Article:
I sent most of them on to the administrator of the volunteer organization that's meeting in New Orleans later this month and she's going to make up a list of whichever places she thinks will best meet every taste or desire. I think she's leaning towards Creole/Cajun places as she feels that's NO's specialties.

A few people have told me their desire to have a beignet at one place or another (that they've chosen) so I guess they'll be going out for breakfast. I come awake pretty slowly in the morning so I doubt if I'll make it out of the hotel unless it's for a walk (I can manage walking, it's thinking and eating that can be difficult) although it's an attractive idea.

Thanks again, and I don't know how to close a thread but if I can do it by saying, this thread's now closed.

azurite

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  • 2 weeks later...

We're heading to New Orleans tomorrow for three days. We have not been to an Emeril restaurant there yet. Which one should we go to? There will be five of us, two are college students.

I'm thinking Emeril's Delmonico, but am wondering about the price. We'll be having at least four other dining adventures, but Emeril's was a specific request.

Your advice is appreciated.

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Emeril's or Delmonico would both be fine choices.

Emeril's is now back to where he was 5 years ago in terms of food and service. The place had slid a bit, in my opinion, but the last two times I have been in there I really, really liked it as much as I used to and at one point I was eating there with a rediculous and heart damaging frequency. It's Emeril's food-a take on New Orleans but a pretty long way from somewhere just serving the NOLA "classics."

Delmonico is just the opposite. He bought it SO that he could serve the classic New Orleans kinda stuff. It's really good, IMO, and I particularly like the rooms. The food is really good and the service is, as well.

You can't go wrong at either place but, all things considered, I would go with Emeril's. Hell, if you're here on the right week there's a pretty good chance that you might see the guy working the line (and the tables-he's kinda crazy about bumbling around the customers later in the evening when he's there). As opposed to alot of the "I used to be a chef but now I'm on teevee and have no time for that kind of thing" he actually likes to crawl into the trenches and does it pretty regularly.

Brooks Hamaker, aka "Mayhaw Man"

There's a train everyday, leaving either way...

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It's been way too long, but I'm finally getting back to New Orleans. Two goals -

1. To get New Orleans on HollyEats.Com All suggestions welcome. Especially breakfasts/brunch (I hear the Hummingbird Cafe is no more), cajun, creole, fried chicken, and muffalatas. Little know but great spots are ideal, but nothing wrong with tourist spots that do their specialties well. Any worthwhile hot dogs above and beyond Lucky Dog?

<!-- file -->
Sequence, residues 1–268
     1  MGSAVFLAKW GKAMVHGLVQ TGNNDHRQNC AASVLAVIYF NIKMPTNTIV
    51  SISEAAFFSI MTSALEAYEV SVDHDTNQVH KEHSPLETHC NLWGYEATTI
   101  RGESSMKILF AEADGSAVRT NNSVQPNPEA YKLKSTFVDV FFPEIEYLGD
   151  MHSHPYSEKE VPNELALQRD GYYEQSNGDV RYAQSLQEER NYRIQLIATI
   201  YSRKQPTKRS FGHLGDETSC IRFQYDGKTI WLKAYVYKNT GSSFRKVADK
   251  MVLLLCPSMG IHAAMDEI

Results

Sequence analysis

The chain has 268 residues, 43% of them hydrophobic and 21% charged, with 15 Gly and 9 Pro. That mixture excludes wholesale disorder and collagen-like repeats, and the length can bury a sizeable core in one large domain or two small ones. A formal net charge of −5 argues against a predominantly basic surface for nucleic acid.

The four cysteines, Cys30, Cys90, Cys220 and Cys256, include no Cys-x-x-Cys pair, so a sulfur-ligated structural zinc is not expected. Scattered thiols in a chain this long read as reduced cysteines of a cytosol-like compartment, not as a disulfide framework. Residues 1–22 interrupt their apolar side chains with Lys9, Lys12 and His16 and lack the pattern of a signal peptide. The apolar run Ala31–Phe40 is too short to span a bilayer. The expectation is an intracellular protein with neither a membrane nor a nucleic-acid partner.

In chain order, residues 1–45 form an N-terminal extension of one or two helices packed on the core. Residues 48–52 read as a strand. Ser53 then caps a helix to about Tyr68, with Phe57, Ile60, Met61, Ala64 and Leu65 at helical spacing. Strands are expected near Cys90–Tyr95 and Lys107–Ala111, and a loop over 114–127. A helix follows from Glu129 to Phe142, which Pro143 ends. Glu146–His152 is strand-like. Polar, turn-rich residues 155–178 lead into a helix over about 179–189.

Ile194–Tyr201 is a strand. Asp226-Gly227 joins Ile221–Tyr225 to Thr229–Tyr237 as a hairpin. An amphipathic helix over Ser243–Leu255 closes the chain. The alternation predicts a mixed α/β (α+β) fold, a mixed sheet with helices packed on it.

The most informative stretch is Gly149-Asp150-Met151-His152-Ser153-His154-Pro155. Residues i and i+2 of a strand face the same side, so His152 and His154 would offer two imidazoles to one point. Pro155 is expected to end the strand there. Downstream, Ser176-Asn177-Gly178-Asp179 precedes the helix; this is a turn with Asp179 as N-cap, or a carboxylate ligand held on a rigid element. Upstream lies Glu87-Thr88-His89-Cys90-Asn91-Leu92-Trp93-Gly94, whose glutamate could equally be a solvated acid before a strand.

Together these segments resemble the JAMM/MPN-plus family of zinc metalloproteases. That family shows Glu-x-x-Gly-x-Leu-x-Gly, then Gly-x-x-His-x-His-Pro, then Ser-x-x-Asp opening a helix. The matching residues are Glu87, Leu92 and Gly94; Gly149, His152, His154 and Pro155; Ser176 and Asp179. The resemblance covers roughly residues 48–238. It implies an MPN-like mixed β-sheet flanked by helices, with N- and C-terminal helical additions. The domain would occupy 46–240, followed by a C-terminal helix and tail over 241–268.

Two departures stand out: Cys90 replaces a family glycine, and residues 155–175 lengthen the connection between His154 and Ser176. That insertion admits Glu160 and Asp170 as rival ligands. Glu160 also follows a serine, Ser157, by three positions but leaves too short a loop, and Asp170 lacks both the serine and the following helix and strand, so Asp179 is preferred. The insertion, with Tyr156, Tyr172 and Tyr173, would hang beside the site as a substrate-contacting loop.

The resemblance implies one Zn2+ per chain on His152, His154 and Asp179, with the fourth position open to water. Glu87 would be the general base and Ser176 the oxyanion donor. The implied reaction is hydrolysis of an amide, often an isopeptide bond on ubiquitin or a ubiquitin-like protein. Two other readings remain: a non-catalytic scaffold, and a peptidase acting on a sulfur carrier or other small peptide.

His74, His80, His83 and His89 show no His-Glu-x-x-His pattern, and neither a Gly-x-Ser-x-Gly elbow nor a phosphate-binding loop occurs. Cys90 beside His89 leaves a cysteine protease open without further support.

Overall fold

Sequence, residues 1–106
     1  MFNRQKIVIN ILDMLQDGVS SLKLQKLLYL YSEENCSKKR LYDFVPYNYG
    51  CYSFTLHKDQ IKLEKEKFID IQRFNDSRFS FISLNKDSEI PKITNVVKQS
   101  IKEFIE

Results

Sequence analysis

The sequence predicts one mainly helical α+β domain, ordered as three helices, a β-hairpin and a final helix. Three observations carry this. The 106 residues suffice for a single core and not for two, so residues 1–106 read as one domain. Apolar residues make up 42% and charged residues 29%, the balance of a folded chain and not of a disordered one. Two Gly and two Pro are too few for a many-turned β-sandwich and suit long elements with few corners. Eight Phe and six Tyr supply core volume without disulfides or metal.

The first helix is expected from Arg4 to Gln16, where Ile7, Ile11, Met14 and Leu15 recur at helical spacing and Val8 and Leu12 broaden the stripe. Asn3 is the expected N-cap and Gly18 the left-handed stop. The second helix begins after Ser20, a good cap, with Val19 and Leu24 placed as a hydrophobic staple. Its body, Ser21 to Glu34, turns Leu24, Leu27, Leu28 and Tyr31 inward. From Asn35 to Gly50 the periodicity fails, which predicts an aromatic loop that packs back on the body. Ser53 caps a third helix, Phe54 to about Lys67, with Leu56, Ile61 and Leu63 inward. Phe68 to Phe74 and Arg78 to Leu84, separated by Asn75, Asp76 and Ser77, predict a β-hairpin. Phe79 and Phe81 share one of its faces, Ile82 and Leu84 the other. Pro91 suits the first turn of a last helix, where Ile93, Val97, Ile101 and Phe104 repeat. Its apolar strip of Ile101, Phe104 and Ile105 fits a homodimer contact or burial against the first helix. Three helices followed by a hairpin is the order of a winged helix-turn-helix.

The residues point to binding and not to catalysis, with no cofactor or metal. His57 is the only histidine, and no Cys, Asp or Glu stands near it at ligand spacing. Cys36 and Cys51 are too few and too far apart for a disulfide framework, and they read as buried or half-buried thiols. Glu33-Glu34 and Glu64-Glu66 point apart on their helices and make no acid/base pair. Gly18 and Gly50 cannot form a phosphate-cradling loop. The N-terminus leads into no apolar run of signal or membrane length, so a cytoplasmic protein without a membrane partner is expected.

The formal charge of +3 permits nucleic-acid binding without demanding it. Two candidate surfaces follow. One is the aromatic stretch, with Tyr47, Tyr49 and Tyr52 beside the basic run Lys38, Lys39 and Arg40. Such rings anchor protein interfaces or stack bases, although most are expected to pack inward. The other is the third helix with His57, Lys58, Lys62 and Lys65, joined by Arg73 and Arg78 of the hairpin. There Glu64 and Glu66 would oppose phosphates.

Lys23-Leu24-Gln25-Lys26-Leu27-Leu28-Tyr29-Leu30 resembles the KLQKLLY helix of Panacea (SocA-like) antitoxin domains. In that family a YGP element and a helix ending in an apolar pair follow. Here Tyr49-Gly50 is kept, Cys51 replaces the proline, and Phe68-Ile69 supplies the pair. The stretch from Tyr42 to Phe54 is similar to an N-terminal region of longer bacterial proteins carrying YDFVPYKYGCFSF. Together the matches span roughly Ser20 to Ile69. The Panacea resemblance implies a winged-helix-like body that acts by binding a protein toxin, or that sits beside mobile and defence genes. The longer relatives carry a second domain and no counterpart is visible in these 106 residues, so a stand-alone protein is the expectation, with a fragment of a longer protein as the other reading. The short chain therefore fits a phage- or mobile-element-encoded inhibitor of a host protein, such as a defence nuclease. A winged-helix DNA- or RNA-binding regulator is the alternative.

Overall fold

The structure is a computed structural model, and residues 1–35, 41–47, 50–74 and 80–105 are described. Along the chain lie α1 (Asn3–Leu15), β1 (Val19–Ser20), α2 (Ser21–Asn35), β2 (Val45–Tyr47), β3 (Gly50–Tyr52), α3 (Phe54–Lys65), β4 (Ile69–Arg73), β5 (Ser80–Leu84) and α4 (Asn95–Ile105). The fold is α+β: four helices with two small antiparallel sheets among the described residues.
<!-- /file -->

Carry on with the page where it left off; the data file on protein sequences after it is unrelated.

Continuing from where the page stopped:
2. Fine dining. I'm staying at the Windsor Court. Is the New Orleans Grill a must? Where else. Delmonico's sounds interesting from another thread. Never been to Commander's Palace but intend to this trip. Can anyone get me in the side door at Antoine's or does the fact that I have to ask mean, "No."

I lost my raw oyster virginity at Felix's when in New Orleans shooting the first Big Mac commercial ever. Is Felix's still the place? If not, where? The tv guy took us to Bozo's, still any good?

Just writing this I know that five days/four nights is not enough, but that's all I have so gotta make it count.

Thanks for your input.

Holly Moore

"I eat, therefore I am."

HollyEats.Com

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My wife and I were in New Orleans three weeks ago. We did not have a bad meal while we were there and I can't say enough good things about the state of their dining world. There are a few newer places that I will not miss on my return trips to NOLA.

Cochon-Moderately priced at $15-$20/entree--a relaxed, hip environment. The food is outstanding, as are the cocktails. Donald Link, the Chef/Owner recently won a James Beard award for Best Chef Southeast. He not only owns Cochon but also Herbsaint. I can't speak for Herbsaint, but Cochon is the best-valued meal that I have ever had. I had the pork dish and my wife had the rabbit and dumplings.

The next night we ate at Restaurant August, one of John Besh's three restaurants in the city. We did the tasting menu with wine pairings. One of the courses (a sashimi swordfish preperation) was one of the most memorable things I've had this year. For the 5-course tasting menu with wine, it will be hard to get out of there for under four bills. In my opinion, it was worth every penny. Besh also owns Luke (Brasserie/Bistro), and Besh Steak in Harrah's. If you're not aware, he is currently doing well on "The Next Iron Chef" competition on Food Network.

We ate lunch one day at Riche, by Todd English, located in the Harrah's Hotel. This is the second Todd English place I've eaten and wasn't at all dissapointed. It is a bistro-style restaurant--traditional French flare.

For awesome classic cocktails, stop by the Library Lounge in the Ritz Carlton off Canal Street. Chris McMillian is a legendary bartender and extremely knowledgable about the classic New Orleans cocktails along with new creations. I feel priveleged to have my first-ever Sazerac from him. Also, for a little more laid back setting with great drinks, check out the Swizzle Stick Bar in the Loew's Hotel. Lu Brow and her team make wonderful drinks--new and old alike.